Google wants to create quality search engine results just as badly as you want to acquire high search engine rankings. Fortunately for us, Google provides web masters with plenty of guidelines and tips for building a Google-Friendly site.

Unfortunately, many web masters simply aren’t listening. Most web masters seem to be pulling tips and strategies from almost every source but Google itself. However, Google has some of the most beneficial SEO tips to be found online.

Here are just a few of the questions that you can find answered directly by Google.

Q. Does Google index dynamic pages?

A. Yes. Google indexes dynamically generated pages. This includes pages with the following file extensions: .asp, .php, and pages with question marks in their URLs. However, these pages can cause problems for the Googlebot and may be ignored.

Fortunately, there is a solution. If you feel that your dynamically generated pages are being ignored, you may want to consider creating static copies of those pages for the Googlebot. Keep in mind, if you choose to do this, be sure to include a robots.txt file that disallows the dynamic pages so that Google doesn’t see those pages as duplicate content.

Q. Does Google index sites that use ASP?

A. Yes. Google is able to index most types of pages and files with very few exceptions. This includes pdf, asp, jsp, html, shtml, xml, doc, xls, ppt, rtf, wks, lwp, wri, swf, cfm, and php. This is not a complete list, but it gives a good overview.

Q. Does Google index sites that use Macromedia Flash?

A. Yes. Google indexes pages that use Macromedi Flash. However, Google may have problems indexing Flash pages. If you are concerned that your Flash content is inhibiting Google’s ability to crawl your site, you may want to consider creating HTML copies of those Flash pages. As always, you will need to include a robots.txt file that disallows the Flash pages so that Google does not recognize those pages as duplicate content.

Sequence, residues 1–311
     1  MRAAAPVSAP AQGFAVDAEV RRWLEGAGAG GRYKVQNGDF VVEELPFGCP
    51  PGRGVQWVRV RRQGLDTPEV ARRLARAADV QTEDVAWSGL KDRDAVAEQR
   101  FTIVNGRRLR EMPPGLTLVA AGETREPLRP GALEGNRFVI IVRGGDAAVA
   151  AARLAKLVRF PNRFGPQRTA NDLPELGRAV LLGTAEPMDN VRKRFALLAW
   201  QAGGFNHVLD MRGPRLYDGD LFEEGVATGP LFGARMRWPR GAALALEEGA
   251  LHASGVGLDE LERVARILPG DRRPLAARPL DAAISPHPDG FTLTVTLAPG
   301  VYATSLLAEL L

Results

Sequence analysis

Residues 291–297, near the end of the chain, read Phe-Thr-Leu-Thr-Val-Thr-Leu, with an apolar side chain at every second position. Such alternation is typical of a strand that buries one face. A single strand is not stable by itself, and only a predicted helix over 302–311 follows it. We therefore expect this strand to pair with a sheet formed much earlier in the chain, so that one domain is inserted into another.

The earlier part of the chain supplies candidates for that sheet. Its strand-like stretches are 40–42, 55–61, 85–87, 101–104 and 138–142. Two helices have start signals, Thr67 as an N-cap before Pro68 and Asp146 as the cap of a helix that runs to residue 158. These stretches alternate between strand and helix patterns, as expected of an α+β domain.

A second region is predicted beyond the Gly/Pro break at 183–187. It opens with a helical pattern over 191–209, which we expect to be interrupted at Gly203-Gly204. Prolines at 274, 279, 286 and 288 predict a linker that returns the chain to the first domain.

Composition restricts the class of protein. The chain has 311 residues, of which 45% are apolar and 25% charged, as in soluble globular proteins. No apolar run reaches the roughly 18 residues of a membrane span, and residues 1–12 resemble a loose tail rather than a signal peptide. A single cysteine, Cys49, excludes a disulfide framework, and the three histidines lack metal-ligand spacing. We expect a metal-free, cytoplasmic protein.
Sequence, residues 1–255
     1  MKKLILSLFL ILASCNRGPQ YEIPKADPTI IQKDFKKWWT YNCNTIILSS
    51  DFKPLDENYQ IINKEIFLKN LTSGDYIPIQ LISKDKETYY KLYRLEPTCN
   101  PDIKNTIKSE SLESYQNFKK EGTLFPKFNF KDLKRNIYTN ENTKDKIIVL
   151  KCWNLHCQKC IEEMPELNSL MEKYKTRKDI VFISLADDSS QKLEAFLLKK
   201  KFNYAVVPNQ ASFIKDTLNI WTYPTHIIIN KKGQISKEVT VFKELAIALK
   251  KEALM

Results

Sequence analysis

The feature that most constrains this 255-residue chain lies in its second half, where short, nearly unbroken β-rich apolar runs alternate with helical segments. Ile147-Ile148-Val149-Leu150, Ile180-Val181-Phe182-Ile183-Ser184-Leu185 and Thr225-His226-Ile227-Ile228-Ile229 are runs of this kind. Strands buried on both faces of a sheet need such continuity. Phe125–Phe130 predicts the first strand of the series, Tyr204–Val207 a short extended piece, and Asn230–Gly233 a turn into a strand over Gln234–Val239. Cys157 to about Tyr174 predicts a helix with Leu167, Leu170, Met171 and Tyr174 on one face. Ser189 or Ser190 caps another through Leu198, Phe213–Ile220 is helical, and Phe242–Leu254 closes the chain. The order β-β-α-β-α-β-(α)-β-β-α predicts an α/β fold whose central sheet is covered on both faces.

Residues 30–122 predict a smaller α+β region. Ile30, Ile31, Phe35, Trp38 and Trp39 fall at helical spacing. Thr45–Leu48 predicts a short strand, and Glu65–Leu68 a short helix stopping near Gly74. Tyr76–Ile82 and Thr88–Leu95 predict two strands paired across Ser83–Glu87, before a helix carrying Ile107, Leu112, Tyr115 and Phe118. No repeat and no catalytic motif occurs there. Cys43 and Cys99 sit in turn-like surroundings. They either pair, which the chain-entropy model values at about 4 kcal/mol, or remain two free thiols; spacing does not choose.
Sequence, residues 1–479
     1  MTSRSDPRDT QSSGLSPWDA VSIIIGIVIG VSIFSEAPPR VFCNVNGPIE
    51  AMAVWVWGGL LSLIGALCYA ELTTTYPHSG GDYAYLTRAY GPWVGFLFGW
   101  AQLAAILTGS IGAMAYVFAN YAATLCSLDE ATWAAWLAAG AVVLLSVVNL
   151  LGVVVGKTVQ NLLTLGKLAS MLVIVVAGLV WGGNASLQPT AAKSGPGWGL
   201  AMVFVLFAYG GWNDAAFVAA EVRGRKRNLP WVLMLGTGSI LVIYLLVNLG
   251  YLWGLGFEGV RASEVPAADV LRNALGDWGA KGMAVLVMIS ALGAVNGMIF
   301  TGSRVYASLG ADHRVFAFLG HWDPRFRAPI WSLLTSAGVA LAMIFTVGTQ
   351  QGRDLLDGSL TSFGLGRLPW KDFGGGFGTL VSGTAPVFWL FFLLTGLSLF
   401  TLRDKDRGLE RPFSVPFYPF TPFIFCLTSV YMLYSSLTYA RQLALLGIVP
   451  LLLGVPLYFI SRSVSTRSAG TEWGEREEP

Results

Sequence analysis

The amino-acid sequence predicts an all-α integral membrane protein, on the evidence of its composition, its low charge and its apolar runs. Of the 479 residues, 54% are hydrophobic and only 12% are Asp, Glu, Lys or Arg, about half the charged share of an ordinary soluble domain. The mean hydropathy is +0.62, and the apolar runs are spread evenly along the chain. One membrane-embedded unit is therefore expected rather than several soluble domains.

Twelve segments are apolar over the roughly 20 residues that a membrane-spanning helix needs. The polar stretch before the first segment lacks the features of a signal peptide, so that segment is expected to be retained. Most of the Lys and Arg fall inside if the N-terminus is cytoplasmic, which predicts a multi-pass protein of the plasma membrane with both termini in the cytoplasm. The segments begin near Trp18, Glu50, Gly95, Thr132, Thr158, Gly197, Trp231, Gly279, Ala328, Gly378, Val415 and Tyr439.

Q. How do I add my site to Google’s search results?

A. According to Google, inclusion in Google’s search results is free and easy. They also state that it is unnecessary to submit your site to Google. Google uses software known as “spiders” to crawl the web on a regular basis and find sites to add to the index.

When a spider misses a site, it is often because of one of the following reasons:

1. The site is not well connected with other sites through an inbound linking structure.
2. The site launched after Google’s most recent crawl was completed.
3. Poor web site design makes it difficult for Google to effectively crawl your content.
4. The site was temporarily unavailable at the time of crawling or an error was received. You can use Google Sitemaps to see if the Google crawlers received errors when trying to crawl your site.

Q. How can I get my web site into Google’s Mobile index?

A. Google Mobile offers Google Web Search, Local Search, and Image Search for web sites that are configured for mobile devices. Google adds new sites to their mobile Web index every time they crawl the Web.

To let Google know about your mobile site, it is best to submit a Mobile Sitemap. To help ensure that Google’s mobile crawlers can crawl and index your site, you should:

  • Use well-formed markup
  • Validate your markup
  • Use the right DOCTYPE and Content-Type for the markup language that you are using.

Q. Will participation in Adsense or Adwords affect my listing in Google’s free search results.

A. Google’s advertising programs are independent of their search results. Participation in an advertising program will have no effect on your organic search engine rankings.

Q. Why does my site have a PageRank of zero?

A. Yes. Google has an answer for this as well. According to Google, a page may be assigned a rank of zero if Google crawls very few sites that link to that particular site. In addition to this, pages that have recently been added to the Google index may also show a PageRank of zero. This is simply because they haven’t been crawled by Googlebot yet and haven’t been ranked yet.

The key is to be patient. A page’s PageRank score my increase naturally with further crawls.

Q. My URL changed. How can I get Google to index my new site?

A. Google can not manually change your URL in the search results. However, there are steps you can take to ensure a smooth transition.

First, you can redirect visitors to your new site. To do this, simply use an HTTP 301 (permanent) redirect. This ensures that Google’s crawler will discover your new URL.